ST. PETERSBURG, Fla. (FOX 13) - Two St. Pete police officers were disciplined for excessive use of force in separate cases, Chief Anthony Holloway announced Thursday morning.
In the first case, home surveillance video caught Officer Matthew Kirchgraber hitting a suspect back on April 5. Chief Holloway says Kirchgraber was helping a Pinellas County deputy arrest Tyrin Thompson outside a home along 4th Avenue South. The footage shows Kirchgraber and the deputy approach Thompson, who was laying on the porch after fleeing, then strike him several times as they pulled him up.
“This is not a technique taught by the department as a routine way of gaining compliance from a suspect,” his disciplinary letter noted.
A review board determined the use of force was “improper.” Kirchgraber was disciplined and must receive training on proper use of force.
Holloway said that while "distractionary blows" are taught in police academy and are legal, they should be used as a last resort.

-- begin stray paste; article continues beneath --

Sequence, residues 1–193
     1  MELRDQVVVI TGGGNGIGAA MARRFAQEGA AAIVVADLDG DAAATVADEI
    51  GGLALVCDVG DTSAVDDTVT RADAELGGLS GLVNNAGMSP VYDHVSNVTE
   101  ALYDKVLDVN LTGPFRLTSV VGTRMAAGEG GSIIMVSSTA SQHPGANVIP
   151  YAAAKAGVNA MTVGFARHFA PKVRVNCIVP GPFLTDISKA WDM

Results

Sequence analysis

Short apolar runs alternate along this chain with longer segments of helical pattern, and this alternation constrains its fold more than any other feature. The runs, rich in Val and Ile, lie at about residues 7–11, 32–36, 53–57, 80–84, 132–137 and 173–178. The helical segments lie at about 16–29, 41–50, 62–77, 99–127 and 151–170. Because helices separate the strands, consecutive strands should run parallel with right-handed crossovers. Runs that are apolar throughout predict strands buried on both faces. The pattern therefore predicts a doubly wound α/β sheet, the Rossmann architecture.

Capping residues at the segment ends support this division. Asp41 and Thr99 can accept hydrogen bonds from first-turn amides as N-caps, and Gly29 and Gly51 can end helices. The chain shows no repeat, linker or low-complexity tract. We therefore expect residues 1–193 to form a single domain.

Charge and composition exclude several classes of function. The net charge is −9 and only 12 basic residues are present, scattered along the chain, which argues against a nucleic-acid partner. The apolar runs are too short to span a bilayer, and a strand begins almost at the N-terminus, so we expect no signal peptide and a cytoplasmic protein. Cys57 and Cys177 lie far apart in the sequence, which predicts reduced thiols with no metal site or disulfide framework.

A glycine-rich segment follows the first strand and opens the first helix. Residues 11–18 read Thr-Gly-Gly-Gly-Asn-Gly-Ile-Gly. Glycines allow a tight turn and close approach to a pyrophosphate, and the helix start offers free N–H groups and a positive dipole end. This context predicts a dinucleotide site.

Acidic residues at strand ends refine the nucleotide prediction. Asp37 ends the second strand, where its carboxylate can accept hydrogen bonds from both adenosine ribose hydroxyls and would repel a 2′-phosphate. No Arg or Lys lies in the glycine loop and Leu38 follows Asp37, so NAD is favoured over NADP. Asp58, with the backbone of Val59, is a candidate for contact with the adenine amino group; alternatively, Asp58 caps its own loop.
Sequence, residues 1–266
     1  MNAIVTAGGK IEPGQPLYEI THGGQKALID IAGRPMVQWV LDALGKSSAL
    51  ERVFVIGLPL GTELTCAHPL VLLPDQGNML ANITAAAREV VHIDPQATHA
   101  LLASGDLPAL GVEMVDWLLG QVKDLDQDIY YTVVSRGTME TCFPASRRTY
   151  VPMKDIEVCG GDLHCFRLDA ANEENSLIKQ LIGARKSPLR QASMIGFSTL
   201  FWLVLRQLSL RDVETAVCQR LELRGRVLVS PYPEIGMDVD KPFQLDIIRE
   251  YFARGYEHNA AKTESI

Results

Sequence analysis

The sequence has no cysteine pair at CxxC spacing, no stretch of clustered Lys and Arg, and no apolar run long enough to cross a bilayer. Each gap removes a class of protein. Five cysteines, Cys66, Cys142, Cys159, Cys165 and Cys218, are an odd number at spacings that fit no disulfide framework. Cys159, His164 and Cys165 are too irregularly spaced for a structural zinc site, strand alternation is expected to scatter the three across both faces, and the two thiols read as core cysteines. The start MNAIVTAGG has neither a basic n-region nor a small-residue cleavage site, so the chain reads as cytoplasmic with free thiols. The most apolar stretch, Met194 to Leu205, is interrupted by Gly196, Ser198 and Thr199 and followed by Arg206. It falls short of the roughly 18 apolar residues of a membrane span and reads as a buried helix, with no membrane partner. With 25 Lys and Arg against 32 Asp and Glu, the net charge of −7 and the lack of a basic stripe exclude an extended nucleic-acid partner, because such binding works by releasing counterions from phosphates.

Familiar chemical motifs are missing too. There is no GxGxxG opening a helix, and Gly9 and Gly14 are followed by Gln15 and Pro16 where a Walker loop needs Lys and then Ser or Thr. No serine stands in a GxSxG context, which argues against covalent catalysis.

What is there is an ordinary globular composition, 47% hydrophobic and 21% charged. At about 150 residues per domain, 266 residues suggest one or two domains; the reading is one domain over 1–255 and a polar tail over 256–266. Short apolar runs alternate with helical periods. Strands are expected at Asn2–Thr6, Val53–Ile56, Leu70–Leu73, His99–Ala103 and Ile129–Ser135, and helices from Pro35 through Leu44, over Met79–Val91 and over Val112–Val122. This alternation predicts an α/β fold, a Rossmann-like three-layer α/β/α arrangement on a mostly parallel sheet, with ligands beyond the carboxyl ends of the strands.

"My question to the officer was, 'Could you have done something else?'" Holloway said.
It was not immediately clear if the deputy was also disciplined.
The second case happened back on May 2, when suspect David Barker allegedly fled from police after they tried to pull over his pickup truck. He tried to flee on foot but later began to surrender to officers with his hands in the air when he was hit with a stun gun fired by Officer Andrew Viehmann.
Helicopter video provided by the department appears to show Barker sitting on the ground with his hands in the air when Viehmann fired the Taser.
“There was no obvious reason for the use of the taser,” the review board concluded. “At no point were they any signs the suspect was going to attempt to flee or become violent.”
Viehmann’s discipline included a two-week unpaid suspension. He must also undergo training for proper use of force.
A second officer who witnessed Viehmann's use of the Taser was also disciplined for failing to report the incident.
The police chief said every officer in the department will undergo additional self-defense tactical training as a result of the officers' actions. However, he said the incidents are not indicative of the department as a whole.
"This one act is not all 562 of us. It was two officers out of 562," Holloway said, referring to the total amount of officers working for St. Pete police. "This shouldn't have happened, and it shouldn't happen again."